Take the 2-minute tour ×
Stack Overflow is a question and answer site for professional and enthusiast programmers. It's 100% free.

I need to write a method that will return the contents of a particular row (index of it is inputted as method parameter). I do not have a huge experience in Scala and therefore I am getting confused. I would do something like a for loop for 1 to 9 if row is not empty return value, however, I have to use recursion and no loops and I am also given this method definitions :

   def r(r: Int): Set[Int] = {

I also do not know how Set works. Any help would be really appreciated. PS: I am not asking for complete code, an algorithm explanation would be more than enough!

share|improve this question
Why do you have to use recursion with a given method signature? Is this a school project maybe? –  Bart Nov 23 '13 at 12:31
Googling for sudoku algorithm got me this as top result. en.wikipedia.org/wiki/Sudoku_solving_algorithms –  Bart Nov 23 '13 at 12:32

3 Answers 3

I don't really understand the question. I mean I understand that you are required to use recursion rather than loops (and that's pretty easy), but I don't understand what you are expected to do with that method signature. e.g.

  • Why is it returning a set?
  • What does the parameter mean?
  • What else is in scope that you need to use to solve the problem?

One of the most important parts of leaning to be a programmer is learning to state problems clearly, because often, when the problem is made clear, the solution is obvious.

I wrote and published a Scala Sudoku solver that uses a lot of recursion, but it won't help you here unless you learn some basics.

share|improve this answer

Functional programming is very different from imperative programming that most people start with when they learn programming. If this is your first functional language, I suggest taking a course like this: https://www.coursera.org/course/progfun. This uses Scala to teach functional language basics, and might help you.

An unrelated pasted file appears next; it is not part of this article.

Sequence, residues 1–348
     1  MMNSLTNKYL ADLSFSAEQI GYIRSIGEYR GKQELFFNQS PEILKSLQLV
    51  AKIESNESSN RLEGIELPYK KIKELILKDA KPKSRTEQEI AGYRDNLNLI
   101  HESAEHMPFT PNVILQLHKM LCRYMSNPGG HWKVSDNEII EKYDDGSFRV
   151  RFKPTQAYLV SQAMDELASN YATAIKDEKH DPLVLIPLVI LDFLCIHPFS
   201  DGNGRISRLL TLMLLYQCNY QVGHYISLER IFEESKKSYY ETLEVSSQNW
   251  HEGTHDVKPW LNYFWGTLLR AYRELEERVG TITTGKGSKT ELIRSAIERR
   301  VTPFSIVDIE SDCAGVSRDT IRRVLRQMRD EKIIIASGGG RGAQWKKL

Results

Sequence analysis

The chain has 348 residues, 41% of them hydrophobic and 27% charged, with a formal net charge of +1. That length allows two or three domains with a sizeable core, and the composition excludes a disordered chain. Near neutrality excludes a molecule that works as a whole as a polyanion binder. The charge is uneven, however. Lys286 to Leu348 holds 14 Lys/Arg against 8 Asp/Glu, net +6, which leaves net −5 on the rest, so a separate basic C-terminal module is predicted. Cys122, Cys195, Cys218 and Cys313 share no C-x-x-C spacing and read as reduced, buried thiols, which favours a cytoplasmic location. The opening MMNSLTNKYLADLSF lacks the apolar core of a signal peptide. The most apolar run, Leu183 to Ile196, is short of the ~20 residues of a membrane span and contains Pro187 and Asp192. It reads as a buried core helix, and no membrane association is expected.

Not able to use loops does not always mean you have to implement a recursive function. There are standard functional constructs like map, filter, and so on, that you can use.

PS: A sudoku solver is what I tried to make when I was starting learning Scala. Here is the code if you want to take a look: https://github.com/saileshmittal/Scadoku.

share|improve this answer

Here is a Sudoku solver using immutable data structures:

val n = 9
val s = Math.sqrt(n).toInt
type Board = IndexedSeq[IndexedSeq[Int]]

def solve(board: Board, cell: Int = 0): Option[Board] = (cell%n, cell/n) match {
  case (r, `n`) => Some(board)
  case (r, c) if board(r)(c) > 0 => solve(board, cell + 1)
  case (r, c) =>
    def cells(i: Int) = Seq(board(r)(i), board(i)(c), board(s*(r/s) + i/s)(s*(c/s) + i%s))

    def guess(x: Int) = solve(board.updated(r, board(r).updated(c, x)), cell + 1)  

    1 to n diff (board.indices flatMap cells) collectFirst Function.unlift(guess)

Here is a full usage: https://gist.github.com/pathikrit/a32e17832296befd6b94

share|improve this answer
What does the value at board(s*(r/s) + i/s)(s*(c/s) + i%s) represent? –  Khanetor May 6 at 4:03
The ith cell in the 3x3 box which contains (r, c). –  wrick May 6 at 16:09
Got it! Thanks! –  Khanetor May 6 at 16:10

Your Answer


By posting your answer, you agree to the privacy policy and terms of service.

Not the answer you're looking for? Browse other questions tagged or ask your own question.